50 yrs ago,as an 18yr old student, my first patient was a gentleman in his '70's who had a stroke about a week earlier. He was only minimally responsive. My first task was to give him an enema- the old fashioned kind- 3H it was called. The enema return was "explosive", and I had to return to the dorm to change my uniform. When I returned, I was told to "feed him", which I did, until he had an explosive "upchuck", soiling my uniform again. I returned from the dorm to discover that he was taking his last breath. I wasn't sure what killed him, the enema or the food. My instructor didn't know either. He could have aspirated on the food- she thought.

Posted by: MaryAnn Foley | Jun 25, 2008 4:09:05 PM

whoah..i cant remember my first patient.. i was first assigned as MS nurse... then moved to OR. my first case in OR was thyroidectomy... that time, i just hold the army navy for the whole operation.. funny.. isnt it? i was new at that time.. so the senior nurse, teaching me how and what to do in thyroidectomy..

Posted by: Caey | Jun 16, 2008 12:53:30 AM

Reading everyone writing bout their first patient I remembered mine too.I can still rememeber how we all were sacred to go to the hospital for the very first time as a student nurse and we were very excited as well as scared bout what patient we were gonna get, after the patients were divided we went to our assigned patient.I don't remember the bed number and the patient's age but she was quite old.Her diagnosis were tetanus,she looked soo sad.Each morning i gave her mouth care but that was also very difficult because her jaws were locked and afer every procedure i used to have chat wid her bout her family and how she got tetanus i cared for her for 2-3 days then i got new patient.I have come accross many patient but i still remember her and it was 3 years ago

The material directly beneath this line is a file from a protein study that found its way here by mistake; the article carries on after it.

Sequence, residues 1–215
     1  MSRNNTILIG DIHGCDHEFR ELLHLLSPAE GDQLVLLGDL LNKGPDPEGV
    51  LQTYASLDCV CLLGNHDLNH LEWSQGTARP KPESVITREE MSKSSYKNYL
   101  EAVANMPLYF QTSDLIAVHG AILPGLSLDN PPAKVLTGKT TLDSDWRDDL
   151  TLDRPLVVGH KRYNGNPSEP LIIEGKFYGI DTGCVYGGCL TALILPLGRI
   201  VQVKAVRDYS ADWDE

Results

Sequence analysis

Posted by: xena | Jun 14, 2008 8:29:15 AM

Martha Styles,( room 8, she would say each time she rang the call button) an elderly black lady was one of my first pts. It has been almost thirty years since then but still easily this sweet lady still tugs on my memory today. Ms. Styles was a lady who was dying with cancer. She maintained her dignity until her death always crediting Christ as Savior. What a comforting verse that says, Precious in the sight of the Lord is the death of a saint.

Posted by: Tammy | Jun 14, 2008 12:05:46 AM

It was the first day of my first rotation as a nursing student. My first patient was a 97 year old gentleman named Vinyl. He was unresponsive and had gas gangrenne of his feet. I entered the room in my clean and creased new uniform with brillantly white shoes ready to minister to the sick and somehow help save the world. I left with the smell of the gas gangrenne in my nose that stayed with me in the following days of lectures and labs. It dawned on me that I had no idea what nursing was all about and what I was getting myself into. Thirty two years later I know that I was right, that I didn't have a clue as to what I was getting into. But I am here to tell you that even though at times it was difficult, challanging and gut wrentching, I have not had a moment's regret.